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John Edward Catton (1853-1886)
1887 Obituary 
JOHN EDWARD CATTON was born at Aberdour, Fife, on the 17th of July, 1853, and was mainly educated at the Dollar Academy, where he particularly distinguished himself in mathematics, being medallist in 1870.
After leaving school, he was for some time a pupil in the office of the Chief Engineer of the North British Railway, also attending the lectures at Edinburgh University.
In September 1872 he entered the Royal Indian Engineering College, at Cooper’s Hill. Here the distinction he had acquired at Dollar was continued, he being accounted one of the most promising students of his year ; so much so, in fact, that whereas the usual term of residence is three years, Mr. Catton was permitted to compete at the Final Examination in 1874, and passed out after only two years’ residence, winning the Baker Scholarship in applied mechanics.
Being appointed an Assistant Engineer in the Indian Public Works Department, Mr. Catton arrived in Bombay on the 21st of November 1874, and was posted to the Punjab Irrigation Branch, joining the Western Jumna Canal on the 10th of December of that year. He was employed principally as Resident Engineer in charge of the head-works and main line of the canal, on the careful supervision and maintenance of which the success of the entire system depends.
Between December 1875 and October 1877 he held the post of Personal Assistant to the Superintending Engineer of that circle of irrigation; and in August 1880 was transferred as a temporary measure to officiate as Assistant to the Chief Engineer and Under Secretary to the Punjab Government in the Irrigation Branch.
On being relieved by the permanent incumbent, Mr. Catton was sent on special duty to the Shahpoor District to give professional advice to the local civil officers regarding the best method of improving the system of inundation-canals in their charge; and on his return received the thanks of His Honour the Lieutenant-Governor for his services.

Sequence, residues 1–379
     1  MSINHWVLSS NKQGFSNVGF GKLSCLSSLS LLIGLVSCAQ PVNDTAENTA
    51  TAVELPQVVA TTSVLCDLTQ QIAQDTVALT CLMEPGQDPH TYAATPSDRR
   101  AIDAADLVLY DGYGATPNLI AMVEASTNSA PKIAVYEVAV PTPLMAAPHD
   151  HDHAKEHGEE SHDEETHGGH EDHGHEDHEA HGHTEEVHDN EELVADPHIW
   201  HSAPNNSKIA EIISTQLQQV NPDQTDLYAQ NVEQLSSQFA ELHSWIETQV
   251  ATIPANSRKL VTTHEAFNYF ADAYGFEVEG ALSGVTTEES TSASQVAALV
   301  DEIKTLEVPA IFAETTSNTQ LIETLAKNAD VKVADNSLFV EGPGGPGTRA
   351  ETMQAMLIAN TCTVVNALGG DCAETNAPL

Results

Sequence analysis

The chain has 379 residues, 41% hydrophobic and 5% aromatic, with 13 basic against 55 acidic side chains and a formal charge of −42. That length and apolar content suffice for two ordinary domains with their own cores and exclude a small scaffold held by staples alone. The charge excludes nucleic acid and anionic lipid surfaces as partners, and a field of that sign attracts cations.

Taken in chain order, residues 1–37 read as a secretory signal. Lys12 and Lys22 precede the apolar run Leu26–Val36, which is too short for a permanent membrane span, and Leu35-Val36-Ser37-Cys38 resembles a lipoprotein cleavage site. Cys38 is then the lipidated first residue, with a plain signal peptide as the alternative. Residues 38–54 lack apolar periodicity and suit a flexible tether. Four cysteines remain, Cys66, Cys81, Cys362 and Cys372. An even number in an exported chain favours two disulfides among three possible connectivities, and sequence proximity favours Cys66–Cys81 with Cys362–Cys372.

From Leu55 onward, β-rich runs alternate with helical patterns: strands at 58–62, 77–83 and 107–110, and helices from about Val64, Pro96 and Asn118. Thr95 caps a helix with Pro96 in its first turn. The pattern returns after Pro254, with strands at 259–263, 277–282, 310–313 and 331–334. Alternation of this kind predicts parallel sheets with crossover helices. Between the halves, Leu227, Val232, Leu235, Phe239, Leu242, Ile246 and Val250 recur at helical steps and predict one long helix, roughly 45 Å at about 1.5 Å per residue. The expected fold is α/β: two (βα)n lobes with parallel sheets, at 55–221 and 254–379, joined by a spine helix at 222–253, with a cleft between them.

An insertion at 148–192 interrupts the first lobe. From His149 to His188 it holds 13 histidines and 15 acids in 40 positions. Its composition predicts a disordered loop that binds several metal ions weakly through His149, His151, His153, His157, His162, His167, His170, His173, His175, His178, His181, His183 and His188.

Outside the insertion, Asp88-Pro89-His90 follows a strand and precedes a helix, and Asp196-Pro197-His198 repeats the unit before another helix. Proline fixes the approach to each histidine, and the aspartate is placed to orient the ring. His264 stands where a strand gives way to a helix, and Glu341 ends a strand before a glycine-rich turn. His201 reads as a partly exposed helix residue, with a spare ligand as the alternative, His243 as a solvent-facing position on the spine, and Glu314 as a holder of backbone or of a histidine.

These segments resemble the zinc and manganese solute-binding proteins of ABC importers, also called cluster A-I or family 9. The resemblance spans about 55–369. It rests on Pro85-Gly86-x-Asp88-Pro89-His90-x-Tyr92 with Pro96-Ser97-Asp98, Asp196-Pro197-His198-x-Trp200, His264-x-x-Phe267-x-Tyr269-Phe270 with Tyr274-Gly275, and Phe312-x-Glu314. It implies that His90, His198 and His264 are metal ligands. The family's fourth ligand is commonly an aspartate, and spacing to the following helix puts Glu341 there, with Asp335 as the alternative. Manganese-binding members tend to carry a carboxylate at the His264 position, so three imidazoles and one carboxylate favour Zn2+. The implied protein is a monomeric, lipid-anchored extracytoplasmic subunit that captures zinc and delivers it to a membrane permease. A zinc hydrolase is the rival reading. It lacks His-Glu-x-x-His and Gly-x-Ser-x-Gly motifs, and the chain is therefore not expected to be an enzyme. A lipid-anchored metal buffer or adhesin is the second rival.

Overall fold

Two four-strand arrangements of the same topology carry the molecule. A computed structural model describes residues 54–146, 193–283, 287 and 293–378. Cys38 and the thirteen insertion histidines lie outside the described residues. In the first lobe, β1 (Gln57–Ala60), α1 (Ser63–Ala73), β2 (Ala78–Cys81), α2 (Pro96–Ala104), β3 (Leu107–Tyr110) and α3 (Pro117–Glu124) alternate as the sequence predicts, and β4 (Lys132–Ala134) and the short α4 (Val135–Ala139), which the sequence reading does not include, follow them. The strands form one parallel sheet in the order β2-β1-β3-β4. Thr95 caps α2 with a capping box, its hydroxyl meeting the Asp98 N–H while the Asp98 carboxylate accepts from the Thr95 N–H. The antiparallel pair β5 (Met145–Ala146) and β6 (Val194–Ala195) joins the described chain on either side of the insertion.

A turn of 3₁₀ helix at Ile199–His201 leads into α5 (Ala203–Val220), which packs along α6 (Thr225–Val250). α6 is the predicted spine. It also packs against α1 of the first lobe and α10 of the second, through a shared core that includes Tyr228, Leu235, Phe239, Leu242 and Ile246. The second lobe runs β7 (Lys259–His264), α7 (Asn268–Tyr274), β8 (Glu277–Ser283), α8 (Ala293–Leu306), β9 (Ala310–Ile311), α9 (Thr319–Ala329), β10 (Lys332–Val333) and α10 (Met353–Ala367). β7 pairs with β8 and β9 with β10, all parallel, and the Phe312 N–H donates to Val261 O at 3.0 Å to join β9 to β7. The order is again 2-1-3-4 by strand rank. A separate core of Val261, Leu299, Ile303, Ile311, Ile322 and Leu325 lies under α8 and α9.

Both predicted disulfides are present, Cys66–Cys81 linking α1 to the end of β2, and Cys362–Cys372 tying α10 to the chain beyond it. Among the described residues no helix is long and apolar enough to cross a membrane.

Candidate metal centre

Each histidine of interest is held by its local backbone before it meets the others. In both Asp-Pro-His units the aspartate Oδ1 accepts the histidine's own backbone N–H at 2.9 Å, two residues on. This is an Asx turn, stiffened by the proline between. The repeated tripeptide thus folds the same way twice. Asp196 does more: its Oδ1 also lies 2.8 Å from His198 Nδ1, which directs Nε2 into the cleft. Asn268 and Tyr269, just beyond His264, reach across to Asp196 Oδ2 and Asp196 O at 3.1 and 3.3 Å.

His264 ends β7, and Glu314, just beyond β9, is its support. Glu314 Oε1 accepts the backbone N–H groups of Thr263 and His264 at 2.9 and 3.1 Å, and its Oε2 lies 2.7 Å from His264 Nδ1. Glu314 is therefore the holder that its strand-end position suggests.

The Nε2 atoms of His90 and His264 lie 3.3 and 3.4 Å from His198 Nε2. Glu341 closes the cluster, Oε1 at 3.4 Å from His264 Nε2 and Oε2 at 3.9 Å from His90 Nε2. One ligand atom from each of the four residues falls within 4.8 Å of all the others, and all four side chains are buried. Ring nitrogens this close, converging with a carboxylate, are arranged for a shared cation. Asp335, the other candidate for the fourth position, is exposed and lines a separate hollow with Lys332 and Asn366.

He was then transferred to the 2nd Division of the Baree Doab Canal, of which he held executive charge for a short time, after which he was again posted to the office of the Chief Engineer as Under Secretary to the Punjab Government, which appointment he continued to hold until he left India on furlough in April 1885. Mr. Catton passed the Higher Standard examination in both the Hindustani and the Punjabi languages, and was a magistrate under the Northern India Canal and Drainage Act. While on furlough he was appointed to supervise the practical training of the students of the Cooper’s Hill College, and was so engaged at the time of his death, which occurred suddenly at Braemar, N.B., on the 17th of August 18815, when only thirty-three years of age.
Mr. Catton was one of the most rising of the younger officers of the Department, and thought highly of by all under whom he served, and his untimely death caused universal regret among his familiars both in India and at Cooper’s Hill.
He was elected an Associate Member of the Institution on the 7th of December, 1880